At the Pentagon, efforts were under way to carry out the ambitious plans of the recently elected president. In a 23 September 1999 campaign speech at the Citadel in Charleston, George W. Bush had called for defense leaders to challenge the status quo and envision "a new architecture of American defense for decades to come." In an important article a few months later, Dr. Condoleezza Rice, who would become Bush's national security advisor, had asserted that "the next president should refocus the Pentagon's priorities on building the military of the 21st century rather than continuing to build on the structure of the Cold War. U.S. technological advantages should be leveraged to build forces that are lighter and more lethal, more mobile and agile, and capable of firing accurately from long distances." She identified four key priorities that should be addressed by the next administration, one of which was "to deal decisively with the threat of rogue regimes and hostile powers, which is increasingly taking the forms of the potential for terrorism and the development of weapons of mass destruction." A respected academic who would soon be appointed to the Pentagon's internal Defense Policy Board had written alter the election that U.S. military forces suffered from several serious, long-term problems. "The first," Eliot Cohen argued, "is strategic. American strategy still relies on a Cold War-derived understanding of military power and fails to focus on the challenges of the new century: homeland defense, a rising China, and what can only be termed 'imperial policing.'"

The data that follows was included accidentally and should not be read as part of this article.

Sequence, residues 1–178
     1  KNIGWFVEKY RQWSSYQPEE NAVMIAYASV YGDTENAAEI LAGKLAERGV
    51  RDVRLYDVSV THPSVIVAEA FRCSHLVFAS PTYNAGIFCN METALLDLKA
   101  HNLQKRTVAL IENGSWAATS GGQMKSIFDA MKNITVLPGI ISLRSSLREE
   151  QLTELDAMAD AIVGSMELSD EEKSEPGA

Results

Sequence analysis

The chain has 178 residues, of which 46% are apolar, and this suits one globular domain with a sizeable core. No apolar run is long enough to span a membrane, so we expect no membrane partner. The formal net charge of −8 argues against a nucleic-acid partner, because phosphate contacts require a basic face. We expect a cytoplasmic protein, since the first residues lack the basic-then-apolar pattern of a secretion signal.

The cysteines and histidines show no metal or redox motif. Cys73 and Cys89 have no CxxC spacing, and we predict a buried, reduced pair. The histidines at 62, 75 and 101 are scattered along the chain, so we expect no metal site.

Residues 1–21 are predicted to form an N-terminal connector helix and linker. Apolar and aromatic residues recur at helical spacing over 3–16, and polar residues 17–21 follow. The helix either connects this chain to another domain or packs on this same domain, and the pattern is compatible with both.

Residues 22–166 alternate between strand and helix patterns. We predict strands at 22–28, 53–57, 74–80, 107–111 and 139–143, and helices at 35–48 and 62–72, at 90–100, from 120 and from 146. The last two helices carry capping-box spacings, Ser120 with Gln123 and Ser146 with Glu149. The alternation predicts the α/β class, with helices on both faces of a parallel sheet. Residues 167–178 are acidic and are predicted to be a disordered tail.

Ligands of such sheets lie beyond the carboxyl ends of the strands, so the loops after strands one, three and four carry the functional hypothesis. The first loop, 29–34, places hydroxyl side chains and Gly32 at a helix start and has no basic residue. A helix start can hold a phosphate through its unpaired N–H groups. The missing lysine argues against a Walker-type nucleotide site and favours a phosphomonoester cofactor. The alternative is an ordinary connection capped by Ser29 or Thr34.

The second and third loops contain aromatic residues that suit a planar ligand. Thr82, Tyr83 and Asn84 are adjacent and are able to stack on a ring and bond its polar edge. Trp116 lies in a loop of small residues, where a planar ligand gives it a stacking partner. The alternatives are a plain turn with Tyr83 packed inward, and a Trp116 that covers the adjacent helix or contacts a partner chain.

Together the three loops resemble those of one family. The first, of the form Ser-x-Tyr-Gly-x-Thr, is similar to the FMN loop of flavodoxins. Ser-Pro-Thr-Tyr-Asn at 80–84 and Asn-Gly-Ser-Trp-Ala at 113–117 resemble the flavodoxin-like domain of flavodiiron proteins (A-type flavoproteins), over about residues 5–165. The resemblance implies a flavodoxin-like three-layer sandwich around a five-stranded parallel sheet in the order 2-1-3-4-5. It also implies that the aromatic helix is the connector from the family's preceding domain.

After the 2000 elections, a multitude of military analysts ventured forth with their own prescriptions. Most seemed to focus, at least implicitly, on the question of whether to engage or contain nations that had the potential to become a great-power challenger to U.S. interests. Two members of the Senate Armed Services Committee offered seven principles for shaping a new national security strategy, including a policy of "realistic restraint" in the use of U.S. military force. Gen. Tony Zinni, USMC, the commander-in-chief of the U.S. Central Command, argued the inevitability of U.S. military forces being engaged in humanitarian operations, peacekeeping, peace enforcement, and other nontraditional military missions. He categorically rejected the 1980s Weinberger-Powell doctrine, which had urged the use of U.S. combat forces only as a last resort, only for vital U.S. interests, only if there was reasonable assurance of public support, only if overwhelming force was used, only if the political and military objectives were clear, only if an exit strategy was in place, and only if the intent was to win.
This was not the first time in recent years that U.S. political and military leaders had reassessed the nation's defense strategy and our country's role in what was being referred to as the "post-Cold War world." Since the collapse of the Soviet Union in 1991 several significant assessments had been made of the military posture of the United States. Each had its strengths and weaknesses, but all had been criticized because they failed to reflect all the perceived changes in the international security environment.